Lucy turned off the engine to her old Honda Civic, leaving the car in first gear and putting the parking brake on. She climbed out of the car and looked at her childhood home. Moving back in with her parents and younger brother at 23, freshly graduated from college wasn’t exactly how she pictured entering the world of adulthood. It wasn’t ideal, but it was definitely practical. She had landed a good job, fresh out of college; it wasn’t her dream job, but it was a work from home position. She had been one of three women in her class to graduate from the Computer Science and Engineering program at RIT. The field was still dominated by men, but that didn’t intimidate her. Her dream was to have her own company that specialised in cyber security. Starting up her own company without a loan from the bank or investors required capital. She needed to save money, which is why she’d chosen to move home when she literally could have done her job from anywhere in the country.
Isabel, Lucy’s mother, let out an excited squeal as she opened the front door, rushing through the yard to get to her daughter. “My baby is home,” she exclaimed, wrapping her daughter in a tight hug.
Lucy had to hold back her eye roll, “I’m 23, mama.”
“You’ll always be my baby.”
“Hey kiddo,” her dad, Jeremy, said, wrapping her in a one armed hug with a kiss to the cheek.
“Hey pops,” she replied wrapping one arm around each of her parents. “Where’s Luca?” Lucy asked, finding it strange that her younger brother also wasn’t there to greet her. She missed the look exchanged between her parents before her dad answered.
“He’ll be back later, he’s out looking for a job.” Lucy shrugged as she walked to the trunk of her car, pulling out the suitcases. “Is this all of it?” Her dad asked.
“Yeah, I let Regina keep all of the stuff we’d accumulated living together for 3 years. She paid my last two months of rent in order to keep all of it. I didn’t need it anyways.”
Jeremy had a suitcase in each hand while Lucy and Isabel had one each and Lucy had her purse and large tote bag also tucked under her arm. The three of them made their way up to Lucy’s childhood bedroom. The walls, that were only partially visible under all the inspirational quotes and posters that adorned the room, were still painted a pale pink. Her old bed was in the same spot it had always been in the middle of her room. Her old hand-me-down desk sat in the corner. Her family home was modest. Her parents weren’t rich, but were definitely on the spectrum of upper-middle class. They subscribed to the theory that anything that couldn’t be paid for in cash was too expensive, only having a creditcard to book vacations and for online purchases, all of which were immediately paid off. Because of this theory they lived comfortably but modestly.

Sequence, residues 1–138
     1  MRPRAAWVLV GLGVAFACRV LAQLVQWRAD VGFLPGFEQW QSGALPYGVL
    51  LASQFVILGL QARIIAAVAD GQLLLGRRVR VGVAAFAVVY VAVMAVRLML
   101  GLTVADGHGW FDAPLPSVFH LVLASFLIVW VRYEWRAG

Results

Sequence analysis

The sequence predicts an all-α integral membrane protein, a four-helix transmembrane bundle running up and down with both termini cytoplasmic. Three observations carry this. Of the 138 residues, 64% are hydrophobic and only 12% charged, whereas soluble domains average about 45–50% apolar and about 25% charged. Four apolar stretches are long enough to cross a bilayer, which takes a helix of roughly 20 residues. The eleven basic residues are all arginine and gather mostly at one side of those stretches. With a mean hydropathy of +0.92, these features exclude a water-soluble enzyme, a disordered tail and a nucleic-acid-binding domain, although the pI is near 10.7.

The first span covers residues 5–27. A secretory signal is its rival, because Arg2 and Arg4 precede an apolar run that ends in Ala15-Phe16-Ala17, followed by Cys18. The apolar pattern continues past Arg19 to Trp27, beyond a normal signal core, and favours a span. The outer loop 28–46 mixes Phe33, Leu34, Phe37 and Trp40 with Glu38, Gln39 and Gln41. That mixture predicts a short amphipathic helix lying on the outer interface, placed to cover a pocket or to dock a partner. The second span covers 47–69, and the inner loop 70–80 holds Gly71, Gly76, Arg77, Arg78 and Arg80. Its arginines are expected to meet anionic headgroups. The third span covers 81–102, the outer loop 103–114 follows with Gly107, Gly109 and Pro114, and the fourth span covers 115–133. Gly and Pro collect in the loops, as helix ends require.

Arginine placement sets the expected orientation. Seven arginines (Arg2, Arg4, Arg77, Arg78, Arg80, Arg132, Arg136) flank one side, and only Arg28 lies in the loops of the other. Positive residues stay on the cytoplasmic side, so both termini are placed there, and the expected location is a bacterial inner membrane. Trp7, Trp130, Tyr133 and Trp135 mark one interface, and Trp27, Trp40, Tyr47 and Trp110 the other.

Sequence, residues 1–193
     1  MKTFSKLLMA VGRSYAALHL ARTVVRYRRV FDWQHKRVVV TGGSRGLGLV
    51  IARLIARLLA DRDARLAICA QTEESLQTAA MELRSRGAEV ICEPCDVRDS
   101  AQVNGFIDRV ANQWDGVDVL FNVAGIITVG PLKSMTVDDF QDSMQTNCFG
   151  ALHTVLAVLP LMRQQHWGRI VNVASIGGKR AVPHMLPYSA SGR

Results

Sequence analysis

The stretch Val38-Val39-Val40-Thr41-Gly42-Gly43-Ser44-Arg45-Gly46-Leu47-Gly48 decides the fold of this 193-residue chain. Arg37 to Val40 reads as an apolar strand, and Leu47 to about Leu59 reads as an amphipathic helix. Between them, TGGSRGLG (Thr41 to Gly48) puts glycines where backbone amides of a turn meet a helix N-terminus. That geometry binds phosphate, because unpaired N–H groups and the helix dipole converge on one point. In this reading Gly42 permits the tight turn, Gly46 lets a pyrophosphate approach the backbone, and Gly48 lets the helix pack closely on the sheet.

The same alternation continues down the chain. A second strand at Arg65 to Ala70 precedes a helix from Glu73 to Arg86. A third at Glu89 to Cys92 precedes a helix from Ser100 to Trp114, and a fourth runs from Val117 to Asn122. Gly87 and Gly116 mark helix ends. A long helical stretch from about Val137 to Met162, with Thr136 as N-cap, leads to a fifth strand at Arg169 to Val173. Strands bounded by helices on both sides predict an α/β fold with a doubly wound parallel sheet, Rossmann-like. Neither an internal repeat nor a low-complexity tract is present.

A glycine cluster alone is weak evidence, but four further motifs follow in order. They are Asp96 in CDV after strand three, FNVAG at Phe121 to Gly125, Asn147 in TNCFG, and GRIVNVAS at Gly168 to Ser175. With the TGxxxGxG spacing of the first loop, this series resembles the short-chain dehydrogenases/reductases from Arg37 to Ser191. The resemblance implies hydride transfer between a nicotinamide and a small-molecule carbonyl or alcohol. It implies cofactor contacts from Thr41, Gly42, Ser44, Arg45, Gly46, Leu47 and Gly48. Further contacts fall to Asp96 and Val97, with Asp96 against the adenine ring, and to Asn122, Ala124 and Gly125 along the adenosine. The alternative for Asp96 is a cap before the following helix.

“Your mother and I have to go to the restaurant in Utica today,” her dad informed her as she began unpacking her suitcases. “We’ll be back in time for dinner.”
“Okay, is there a problem?”
“No, not really. We just had a grand re-opening after remodelling and are just dropping by to make sure things are running better after employing new management staff.” Lucy nodded in understanding. Her parents owned a very small sandwich chain. Nobody outside of upstate or central New York had ever heard of it. 4 locations all within 100 miles of each other. Her parents worked hard from the time Lucy was born and by the time she was 10 the first location was so successful that they’d opened another. The third came when she turned 15 and the last one when she turned 20, giving the way things were going there were probably already plans for a fifth location somewhere. Her dad had always wanted her to take over the business, but was perfectly accepting when she let him down gently and said she didn’t want to be a business owner.
“I’m going to just unpack and shower anyway. Want me to cook?”
“There’s chicken, steak and shrimp in the fridge and the rest of the ingredients to make fajitas,” her mother informed her.
“Awesome, text me when you’re on your way back.”
Lucy turned on her favourite Spotify station, connected it to her bluetooth speaker and began unpacking her belongings.
Three hours later Lucy was finished unpacking her goods. Her clothes had been hung in her closet, meticulously organised, first by style and then by color. Her hangers were all equally spaced. The few momentos she had brought from her old apartment like pictures and books were neatly organised on her desk.